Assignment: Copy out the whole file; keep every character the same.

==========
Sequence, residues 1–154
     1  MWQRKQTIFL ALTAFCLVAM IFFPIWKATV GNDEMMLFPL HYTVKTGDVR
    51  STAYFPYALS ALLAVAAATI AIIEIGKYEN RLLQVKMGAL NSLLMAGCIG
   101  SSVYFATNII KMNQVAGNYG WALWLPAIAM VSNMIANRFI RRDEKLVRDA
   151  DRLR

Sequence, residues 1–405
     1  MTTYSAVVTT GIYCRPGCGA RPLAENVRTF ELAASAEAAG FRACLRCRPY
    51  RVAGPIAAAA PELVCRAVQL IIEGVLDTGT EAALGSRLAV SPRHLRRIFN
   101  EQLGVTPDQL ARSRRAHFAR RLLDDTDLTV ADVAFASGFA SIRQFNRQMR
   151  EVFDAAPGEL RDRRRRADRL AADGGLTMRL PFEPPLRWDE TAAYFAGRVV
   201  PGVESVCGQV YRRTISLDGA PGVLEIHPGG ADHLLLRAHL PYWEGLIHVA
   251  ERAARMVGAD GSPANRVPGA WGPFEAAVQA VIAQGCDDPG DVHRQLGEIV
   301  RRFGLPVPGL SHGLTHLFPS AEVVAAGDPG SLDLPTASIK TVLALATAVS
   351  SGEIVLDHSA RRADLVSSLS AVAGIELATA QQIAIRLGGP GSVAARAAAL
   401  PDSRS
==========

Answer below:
Sequence, residues 1–154
     1  MWQRKQTIFL ALTAFCLVAM IFFPIWKATV GNDEMMLFPL HYTVKTGDVR
    51  STAYFPYALS ALLAVAAATI AIIEIGKYEN RLLQVKMGAL NSLLMAGCIG
   101  SSVYFATNII KMNQVAGNYG WALWLPAIAM VSNMIANRFI RRDEKLVRDA
   151  DRLR

Sequence, residues 1–405
     1  MTTYSAVVTT GIYCRPGCGA RPLAENVRTF ELAASAEAAG FRACLRCRPY
    51  RVAGPIAAAA PELVCRAVQL IIEGVLDTGT EAALGSRLAV SPRHLRRIFN
   101  EQLGVTPDQL ARSRRAHFAR RLLDDTDLTV ADVAFASGFA SIRQFNRQMR
   151  EVFDAAPGEL RDRRRRADRL AADGGLTMRL PFEPPLRWDE TAAYFAGRVV
   201  PGVESVCGQV YRRTISLDGA PGVLEIHPGG ADHLLLRAHL PYWEGLIHVA
   251  ERAARMVGAD GSPANRVPGA WGPFEAAVQA VIAQGCDDPG DVHRQLGEIV
   301  RRFGLPVPGL SHGLTHLFPS AEVVAAGDPG SLDLPTASIK TVLALATAVS
   351  SGEIVLDHSA RRADLVSSLS AVAGIELATA QQIAIRLGGP GSVAARAAAL
   401  PDSRS